In the piece, Landscape Abbreviated, by Nova Jiang, she created a kinetic maze that is made out of planters and rotating machines to give off an impression of it being a interactive garden. Quoting her artists’ statement for this work, “Landscape Abbreviated is a kinetic maze consisting of modular elements with rotating planters, which form a garden that is simultaneously a machine. I am interested in the way that simple interventions can make the experience of space dynamic and unpredictable. The planters are controlled by a software program that continuously generates new maze patterns based on mathematical rules; they rotate to form shifting pathways that encourage visitors to change direction and viewpoints as they move through the space. I envision this sculpture not as a classical labyrinth built to ensnare, but rather as an architectural abbreviation of grand ideas. In this way, the maze relates to literature, mathematical beauty, game play and the rigor of software programming, as much as it does to architecture and landscape. The planters contain live moss collected from the sides of buildings, cracks in the pavement, subway grates and other urban nooks and crannies in New York City’s landscape. Full of particles of broken glass, plastic and other detritus, they form a patchwork of unintentional archaeology.” (
 Darrin Martin, on the other hand, is an artist that uses video, sculpture, and installation as his primary motives for his works. He likes to measure how technology can be used to modify our perceptions of daily life. He studied video at Alfred University and received his BFA in 1992 at that institution. He also received his MFA in the year 2000 at the University of San Diego. Darrin Martin is an internationally known artist whom has participated in multiple video and art festivals world wide such as: The Modern Museum of Art, DIA Center for the Arts, Los Angeles Museum for Contemporary Arts, Pacific Film Archives, and The European Media Art Festival in Germany. Currently, Darrin Martin is now an assistant professor, teaching video and media arts at The University of California, Davis. Unlike, Nova Jiang’s works, Darrin Martin’s works are not necessarily participation based, however, his works to provoke a great deal of thought and perception in regards to questioning reality and certainty. Darrin’s works also focus on questioning a viewer’s psychological thought process when interacting with his art.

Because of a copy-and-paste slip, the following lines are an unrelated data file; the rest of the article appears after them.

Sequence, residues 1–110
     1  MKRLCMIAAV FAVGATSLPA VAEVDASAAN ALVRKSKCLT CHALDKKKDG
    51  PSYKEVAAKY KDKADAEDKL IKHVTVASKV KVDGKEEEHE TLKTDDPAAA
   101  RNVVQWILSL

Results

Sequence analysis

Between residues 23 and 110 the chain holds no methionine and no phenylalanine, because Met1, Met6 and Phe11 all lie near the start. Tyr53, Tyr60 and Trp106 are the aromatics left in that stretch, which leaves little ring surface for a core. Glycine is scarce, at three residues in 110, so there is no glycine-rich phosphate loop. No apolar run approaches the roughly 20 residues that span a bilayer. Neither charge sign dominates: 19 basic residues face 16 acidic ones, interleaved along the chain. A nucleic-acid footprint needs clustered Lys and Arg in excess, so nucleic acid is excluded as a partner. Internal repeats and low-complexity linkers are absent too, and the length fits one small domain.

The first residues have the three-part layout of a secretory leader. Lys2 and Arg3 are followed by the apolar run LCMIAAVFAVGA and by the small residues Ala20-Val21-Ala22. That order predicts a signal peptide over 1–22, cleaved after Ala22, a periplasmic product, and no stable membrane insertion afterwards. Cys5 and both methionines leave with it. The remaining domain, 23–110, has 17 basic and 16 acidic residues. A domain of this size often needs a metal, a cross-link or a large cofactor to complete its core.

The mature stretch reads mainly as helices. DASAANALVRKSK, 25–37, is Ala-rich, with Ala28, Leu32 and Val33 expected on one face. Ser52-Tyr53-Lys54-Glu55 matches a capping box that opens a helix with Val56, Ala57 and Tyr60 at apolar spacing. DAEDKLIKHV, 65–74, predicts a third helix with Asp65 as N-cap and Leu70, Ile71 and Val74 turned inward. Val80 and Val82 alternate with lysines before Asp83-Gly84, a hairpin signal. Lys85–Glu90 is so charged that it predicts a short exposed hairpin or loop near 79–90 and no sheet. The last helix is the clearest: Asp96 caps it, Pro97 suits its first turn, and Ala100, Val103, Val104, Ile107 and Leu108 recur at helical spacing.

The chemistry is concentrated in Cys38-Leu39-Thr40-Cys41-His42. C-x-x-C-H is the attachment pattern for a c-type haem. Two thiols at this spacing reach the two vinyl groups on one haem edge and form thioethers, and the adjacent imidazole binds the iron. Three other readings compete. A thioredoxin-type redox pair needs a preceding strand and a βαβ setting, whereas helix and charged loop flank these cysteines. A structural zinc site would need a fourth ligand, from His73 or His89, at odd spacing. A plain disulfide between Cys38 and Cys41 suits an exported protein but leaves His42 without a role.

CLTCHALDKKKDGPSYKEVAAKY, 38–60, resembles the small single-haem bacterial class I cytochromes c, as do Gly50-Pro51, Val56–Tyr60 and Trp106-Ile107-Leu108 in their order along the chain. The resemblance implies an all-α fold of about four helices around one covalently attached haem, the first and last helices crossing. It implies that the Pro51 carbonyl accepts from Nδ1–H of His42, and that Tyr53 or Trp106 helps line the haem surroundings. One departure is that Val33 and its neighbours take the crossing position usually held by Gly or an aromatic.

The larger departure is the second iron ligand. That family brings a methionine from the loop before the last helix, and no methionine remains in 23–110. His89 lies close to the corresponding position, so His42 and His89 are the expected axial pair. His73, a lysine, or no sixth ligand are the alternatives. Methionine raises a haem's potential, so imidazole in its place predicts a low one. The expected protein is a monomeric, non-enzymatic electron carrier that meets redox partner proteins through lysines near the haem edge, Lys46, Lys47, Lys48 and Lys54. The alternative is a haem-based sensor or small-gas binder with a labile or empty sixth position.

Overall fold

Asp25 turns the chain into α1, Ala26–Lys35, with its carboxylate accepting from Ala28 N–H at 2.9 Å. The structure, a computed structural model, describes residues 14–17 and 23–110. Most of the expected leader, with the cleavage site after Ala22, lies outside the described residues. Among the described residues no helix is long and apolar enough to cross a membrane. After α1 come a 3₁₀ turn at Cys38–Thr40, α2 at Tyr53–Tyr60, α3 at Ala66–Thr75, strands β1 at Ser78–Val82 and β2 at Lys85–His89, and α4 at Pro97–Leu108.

Based upon Darrin Martin’s piece, The State I’m In, we can assume that Martin was using a technique that he has been known for, which is to push the psychological perception and the limits of any viewers sanity. The artists’ statement that Darrin has posted with this piece is, “Installation used in video Monograph in Stereo, wood and foam bedding. A room is half covered in egg crate foam material and half bare. A singular window breaks the bare side’s scarcity and wood paneling covers the floor. In the room’s center, a rectangular foam and wood structure sits interrupted by its own concavity.” ( Based off of the sheer contrast between both sides of this room installation, we can create a hypothesis that Darrin Martin wanted to either give off the impression of creating a “Right side of the brain, compared to the left side of the brain” feel. Or we can hypothesize that Darrin Martin would have made this installation piece to provoke a viewers thoughts in comparing their everyday lives, which in this case would be the half of the room that looks “normal”, to questioning whether or not they are actually living in a modern society with no thoughts and maybe encouraging viewers to change their lifestyle to something with more complexity, which in this case would be the egg crated, concave, crazy half of the room.